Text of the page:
Nothing But Noise

Are you living with noise? A constant audio backdrop to every waking minute? It’s pretty standard that we have to contend with airplanes in and out of airports, traffic, police and ambulance sirens alongside the many intrusive sounds that have got noisier since we came out of lockdown.

Who invented leaf blowers? What is wrong with a brush? Who thought up the incredibly stupid and lazy idea that it was perfectly suitable to blow leaves and dust from one place to another without actually picking it up?

Why do scaffolders always shout and use the most excruciating wrenches to put up their towers?

Why hasn’t anyone invented a quiet drill, saw or tile cutter?

We’ve been living with what appeared to be a relatively quick and straight forward kitchen and garage extension next door but one. It has, to date, lasted for over fourteen months with no clear indication of a final sign off. Still the constant monotonous drones of workman drilling, cutting and hammering continues preventing any relaxing in the garden or any time to chill unless you want to sit out there at 11pm. And that’s when the barking starts.

Lockdown dogs have strangely appeared. Small boutique, demon-possessed creatures that are untrained, timid and constantly yapping. We have three around us. I have been trying to devise an effective deterrent that would include something sweet and chewy alongside something hot and spicey. It would certainly temporarily decrease the audio dynamics before I get carted off and accused of animal cruelty or indeed wasting good confectionary.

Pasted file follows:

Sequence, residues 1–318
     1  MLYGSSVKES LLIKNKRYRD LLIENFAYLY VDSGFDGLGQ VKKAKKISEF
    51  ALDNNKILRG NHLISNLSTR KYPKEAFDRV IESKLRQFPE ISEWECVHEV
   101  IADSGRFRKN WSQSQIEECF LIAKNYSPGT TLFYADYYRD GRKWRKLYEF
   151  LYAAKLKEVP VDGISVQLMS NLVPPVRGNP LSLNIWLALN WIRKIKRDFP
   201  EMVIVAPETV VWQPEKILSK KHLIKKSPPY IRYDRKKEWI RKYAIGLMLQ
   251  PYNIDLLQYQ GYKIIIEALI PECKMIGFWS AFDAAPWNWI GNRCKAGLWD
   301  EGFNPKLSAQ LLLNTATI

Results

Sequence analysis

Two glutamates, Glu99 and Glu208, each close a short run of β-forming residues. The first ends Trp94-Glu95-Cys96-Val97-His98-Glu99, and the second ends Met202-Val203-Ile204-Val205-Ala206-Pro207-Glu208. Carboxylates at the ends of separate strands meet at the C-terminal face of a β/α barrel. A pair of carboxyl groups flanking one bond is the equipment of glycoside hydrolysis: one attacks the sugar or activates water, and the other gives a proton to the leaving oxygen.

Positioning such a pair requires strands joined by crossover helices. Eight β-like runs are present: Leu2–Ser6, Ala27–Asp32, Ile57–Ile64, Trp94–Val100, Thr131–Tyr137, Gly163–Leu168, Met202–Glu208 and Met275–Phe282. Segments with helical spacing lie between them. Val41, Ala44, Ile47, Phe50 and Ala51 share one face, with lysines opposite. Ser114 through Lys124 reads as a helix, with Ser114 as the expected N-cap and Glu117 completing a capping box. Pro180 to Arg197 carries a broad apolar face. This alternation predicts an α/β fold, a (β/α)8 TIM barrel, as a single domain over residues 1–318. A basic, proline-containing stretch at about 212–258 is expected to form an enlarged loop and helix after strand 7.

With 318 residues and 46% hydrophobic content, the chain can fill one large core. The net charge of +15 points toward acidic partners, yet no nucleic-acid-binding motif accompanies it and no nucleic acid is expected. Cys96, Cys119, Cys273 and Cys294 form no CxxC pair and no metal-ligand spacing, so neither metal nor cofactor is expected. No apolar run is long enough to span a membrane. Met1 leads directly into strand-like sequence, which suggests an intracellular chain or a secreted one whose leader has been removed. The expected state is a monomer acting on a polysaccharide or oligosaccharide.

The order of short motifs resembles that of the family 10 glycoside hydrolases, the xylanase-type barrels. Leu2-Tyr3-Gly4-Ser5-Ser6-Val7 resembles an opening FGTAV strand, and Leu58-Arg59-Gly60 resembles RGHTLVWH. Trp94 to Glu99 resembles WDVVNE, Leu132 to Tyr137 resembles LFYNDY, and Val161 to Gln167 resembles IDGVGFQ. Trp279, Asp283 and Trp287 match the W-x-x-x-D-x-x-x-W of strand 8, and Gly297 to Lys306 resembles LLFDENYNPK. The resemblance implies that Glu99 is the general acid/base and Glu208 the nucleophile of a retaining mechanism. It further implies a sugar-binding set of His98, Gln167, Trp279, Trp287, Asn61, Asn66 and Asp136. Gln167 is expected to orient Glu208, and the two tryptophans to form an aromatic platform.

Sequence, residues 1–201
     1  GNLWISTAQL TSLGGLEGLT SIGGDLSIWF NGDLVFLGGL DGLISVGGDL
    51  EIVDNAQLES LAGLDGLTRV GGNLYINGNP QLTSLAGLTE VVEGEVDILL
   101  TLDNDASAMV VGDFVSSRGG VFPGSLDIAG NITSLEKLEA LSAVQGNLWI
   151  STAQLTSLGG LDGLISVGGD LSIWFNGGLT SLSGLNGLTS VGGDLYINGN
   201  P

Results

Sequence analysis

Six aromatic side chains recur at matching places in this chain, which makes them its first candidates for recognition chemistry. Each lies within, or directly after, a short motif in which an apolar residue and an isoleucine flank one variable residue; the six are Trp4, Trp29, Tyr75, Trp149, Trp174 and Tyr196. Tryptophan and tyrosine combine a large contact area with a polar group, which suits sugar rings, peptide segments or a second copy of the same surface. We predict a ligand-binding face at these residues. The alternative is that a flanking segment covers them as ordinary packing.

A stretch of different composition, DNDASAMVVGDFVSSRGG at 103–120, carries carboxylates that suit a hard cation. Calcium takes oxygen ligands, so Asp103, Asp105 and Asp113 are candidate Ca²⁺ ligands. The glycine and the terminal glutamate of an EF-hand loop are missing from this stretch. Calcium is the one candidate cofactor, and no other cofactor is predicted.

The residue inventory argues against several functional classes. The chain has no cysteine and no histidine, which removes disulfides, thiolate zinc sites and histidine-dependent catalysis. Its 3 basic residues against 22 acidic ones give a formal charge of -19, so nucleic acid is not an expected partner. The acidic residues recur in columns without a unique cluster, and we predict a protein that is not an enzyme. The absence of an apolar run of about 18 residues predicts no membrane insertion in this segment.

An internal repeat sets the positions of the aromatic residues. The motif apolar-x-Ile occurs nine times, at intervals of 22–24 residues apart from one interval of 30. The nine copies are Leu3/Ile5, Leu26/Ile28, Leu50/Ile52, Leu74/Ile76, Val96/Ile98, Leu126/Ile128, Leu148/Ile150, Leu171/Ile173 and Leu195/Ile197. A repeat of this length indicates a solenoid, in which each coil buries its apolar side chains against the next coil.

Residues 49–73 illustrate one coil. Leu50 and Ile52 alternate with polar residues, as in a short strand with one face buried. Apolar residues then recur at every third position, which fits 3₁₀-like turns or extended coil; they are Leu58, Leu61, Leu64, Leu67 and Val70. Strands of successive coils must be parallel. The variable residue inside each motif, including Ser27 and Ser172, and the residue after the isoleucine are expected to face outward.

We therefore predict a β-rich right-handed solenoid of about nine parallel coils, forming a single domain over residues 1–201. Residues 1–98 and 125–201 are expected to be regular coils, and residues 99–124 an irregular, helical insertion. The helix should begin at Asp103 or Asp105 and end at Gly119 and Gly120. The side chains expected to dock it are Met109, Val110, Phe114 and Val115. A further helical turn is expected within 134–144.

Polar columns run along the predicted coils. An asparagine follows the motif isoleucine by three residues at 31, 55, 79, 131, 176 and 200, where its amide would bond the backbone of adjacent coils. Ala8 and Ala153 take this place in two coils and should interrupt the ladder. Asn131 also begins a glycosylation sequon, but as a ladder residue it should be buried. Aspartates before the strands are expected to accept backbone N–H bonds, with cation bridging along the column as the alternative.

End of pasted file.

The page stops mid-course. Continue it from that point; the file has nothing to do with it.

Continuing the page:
And alongside all of this, we have an epidemic of inner ear anaesthetic appliances that disguise the outer audio distractions while setting up major hearing problems for years to come due to excessive volume, harmful harmonics and tuneless tracks.

It’s as though people really don’t care. The ever-present underpinning of white, pink and grey noise seems to be so normal that even mentioning it evokes a reaction of surprise and nonchalance that makes me wonder if I’m being too over sensitive.

Happily, I still have my hearing. The last ear test I undertook resulted in the doctor being amazed that I could detect very high frequencies and gave me clear instructions how I could keep it that way.

That included staying well away from cinemas that feel it’s appropriate to pump volume out that’s louder than a landing jet plane. Being close to or in the presence of harmful gigs that not only destroy your ears but your inner organs! Don’t assume that headphones or similar aural amplifiers are a choice for a regular habit particularly in music production. Don’t be tempted by number eleven on the volume control.

So much of what we do in composing, writing and producing has to start with being quiet. That amazing place where you can hear nothing and everything. You can imagine the sound, the tune, the lyrics and maybe the entire finished project. It’s why a quiet guitar or an acoustic piano always works. It allows the space to form and from the silence the extraordinary miracle of ‘something from nothing’.

Thomas Beecham said:” The English may not like music, but they absolutely love the noise it makes”.

A final word from the enigma that is Keith Richards:

‘A painter has a canvas. The writer blank paper. A musician has silence’.

Try it and be inspired. I’m off to kill the tile cutter who’s laying a patio two doors down.